The decision reaffirmed what the Supreme Court called the “bedrock principle underlying the First Amendment” in 1989: “that the government may not prohibit the expression of an idea simply because society finds the idea itself offensive or disagreeable.”
Historian Eric Daniels clarifies what free speech and censorship are in this inspiring talk.
The White House, the FBI, and the CDC violated the First Amendment by encouraging and coercing social media companies to suppress free speech.
The moral argument for defunding the CBC is the principle that people should not be forced to fund things they disagree with.
Crushing freedom of speech is an assault on the mind, and thus on life itself.
What people used to say about the CCP role in the management of TikTok applies fully in the US today with all the main tech companies.
Those who support a culture of reason should be rooting for Elon Musk’s Twitter to succeed.
Facebook’s vice president has admitted fact-checkers are not necessarily objective, and the company even acknowledged recently in a lawsuit that fact-check tags are “opinion,” not factual assertions.
At issue is whether and to what extent the government itself has had a hand in encouraging tech companies to squelch speech. If so, this is unconstitutional.
Forcing companies to allow content is the flip side of prohibiting them from expressing certain ideas. These are the two side of the censorship coin.
Social media companies are not a threat to free speech. Governments that do not respect property rights are.
Many will argue that Twitter and other tech companies censored Mr. Senger, Mr. Changizi, and Mr. Kotzin of their own volition, and as they are private actors, the First Amendment is inapplicable.
That argument should be rejected.
Elon Musk’s exciting and dramatic move represents a bold attempt to overthrow the regime of control, propaganda, and enforced opinion as manufactured by the administrative state.
Undereducated journalists have “fact checked” things they’re not qualified to understand, “misinformation” now seems to mean “words by anybody who disagrees with me.” With the Joe Rogan debacle, it all falls into place.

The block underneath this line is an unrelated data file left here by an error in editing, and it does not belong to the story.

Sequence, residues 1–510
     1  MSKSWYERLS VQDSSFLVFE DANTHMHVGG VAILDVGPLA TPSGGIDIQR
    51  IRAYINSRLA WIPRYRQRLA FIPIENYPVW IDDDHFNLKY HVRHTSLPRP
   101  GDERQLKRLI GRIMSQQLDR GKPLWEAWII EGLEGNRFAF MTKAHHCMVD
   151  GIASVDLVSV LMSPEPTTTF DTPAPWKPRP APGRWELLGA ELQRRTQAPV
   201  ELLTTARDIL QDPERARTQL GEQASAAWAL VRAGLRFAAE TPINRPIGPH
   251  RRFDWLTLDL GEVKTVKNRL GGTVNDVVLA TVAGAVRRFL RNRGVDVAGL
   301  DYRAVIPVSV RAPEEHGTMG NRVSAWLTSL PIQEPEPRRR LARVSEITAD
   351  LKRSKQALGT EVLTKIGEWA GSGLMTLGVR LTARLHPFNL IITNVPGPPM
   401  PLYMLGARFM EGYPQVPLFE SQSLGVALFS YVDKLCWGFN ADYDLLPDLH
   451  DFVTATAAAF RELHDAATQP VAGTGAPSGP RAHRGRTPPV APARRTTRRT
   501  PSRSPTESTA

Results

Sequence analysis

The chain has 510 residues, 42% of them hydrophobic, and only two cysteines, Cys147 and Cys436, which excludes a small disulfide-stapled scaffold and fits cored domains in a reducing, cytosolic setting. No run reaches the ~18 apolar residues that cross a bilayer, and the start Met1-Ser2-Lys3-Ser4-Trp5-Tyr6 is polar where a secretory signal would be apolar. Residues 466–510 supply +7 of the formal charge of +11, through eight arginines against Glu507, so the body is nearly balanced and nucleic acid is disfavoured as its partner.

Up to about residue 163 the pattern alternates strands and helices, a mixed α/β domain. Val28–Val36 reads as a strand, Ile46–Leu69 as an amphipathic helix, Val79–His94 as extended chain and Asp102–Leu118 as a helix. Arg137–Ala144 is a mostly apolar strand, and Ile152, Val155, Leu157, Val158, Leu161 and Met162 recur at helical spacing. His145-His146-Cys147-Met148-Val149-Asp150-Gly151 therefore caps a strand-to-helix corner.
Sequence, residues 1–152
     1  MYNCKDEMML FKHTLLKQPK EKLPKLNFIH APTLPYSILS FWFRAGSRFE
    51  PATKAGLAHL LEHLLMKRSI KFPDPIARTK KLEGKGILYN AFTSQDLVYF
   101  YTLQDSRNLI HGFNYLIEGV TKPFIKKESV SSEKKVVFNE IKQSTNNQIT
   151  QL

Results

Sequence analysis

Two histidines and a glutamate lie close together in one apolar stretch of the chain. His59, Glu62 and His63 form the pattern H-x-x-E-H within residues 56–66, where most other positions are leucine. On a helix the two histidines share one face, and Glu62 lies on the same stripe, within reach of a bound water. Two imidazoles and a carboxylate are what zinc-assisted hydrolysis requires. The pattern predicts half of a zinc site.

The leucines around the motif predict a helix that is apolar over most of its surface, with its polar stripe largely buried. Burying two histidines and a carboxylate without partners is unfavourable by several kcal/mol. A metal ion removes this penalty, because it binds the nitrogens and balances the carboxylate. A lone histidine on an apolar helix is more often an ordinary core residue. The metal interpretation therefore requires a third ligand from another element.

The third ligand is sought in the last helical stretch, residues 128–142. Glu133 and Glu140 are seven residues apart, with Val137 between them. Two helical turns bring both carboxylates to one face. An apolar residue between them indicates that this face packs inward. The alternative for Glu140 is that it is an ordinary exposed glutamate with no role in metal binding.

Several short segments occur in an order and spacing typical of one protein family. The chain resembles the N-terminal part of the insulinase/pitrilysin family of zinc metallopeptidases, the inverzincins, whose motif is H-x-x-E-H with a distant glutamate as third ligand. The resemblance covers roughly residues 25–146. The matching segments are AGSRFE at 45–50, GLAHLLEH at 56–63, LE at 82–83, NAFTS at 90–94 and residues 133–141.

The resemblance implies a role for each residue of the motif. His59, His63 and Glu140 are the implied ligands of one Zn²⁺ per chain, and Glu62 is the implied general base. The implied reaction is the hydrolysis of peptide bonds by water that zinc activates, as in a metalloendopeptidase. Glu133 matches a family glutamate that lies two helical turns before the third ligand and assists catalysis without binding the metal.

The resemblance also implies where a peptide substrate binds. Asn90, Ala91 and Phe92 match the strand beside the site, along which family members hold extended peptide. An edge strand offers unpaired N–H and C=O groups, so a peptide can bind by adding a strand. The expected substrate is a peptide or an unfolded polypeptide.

Assange was merely doing what the vast majority of the mainstream media has long since neglected: his job.
YouTube bans any video that contradicts pronouncements of the World Health Organization.
Should Facebook have a policy of removing “misinformation” in the first place?
Climate Feedback’s “fact-check” wasn’t about actual facts.
If we want a free and fair internet, we must respect the rights of tech companies.
While Prince Harry, some Senators, and the American people may be confused about the First Amendment, the founders were not.
Corporations cannot censor, only governments can.
YouTube abruptly deleted some of Louder with Crowder videos, blocked him from uploading new videos for a week and permanently demonetized his channel. “It means I can make $0 on YouTube,” he explains.
America has entered into a new era of thought control. What is being insisted upon now used to be known as tyranny and criticized as dictatorship.
Section 230 simply says that only internet users are responsible for what they write, not the private companies whose websites host the commenters. Secondly, it affirms what the First Amendment already implies—that private companies don’t have to host speech that violates their values.
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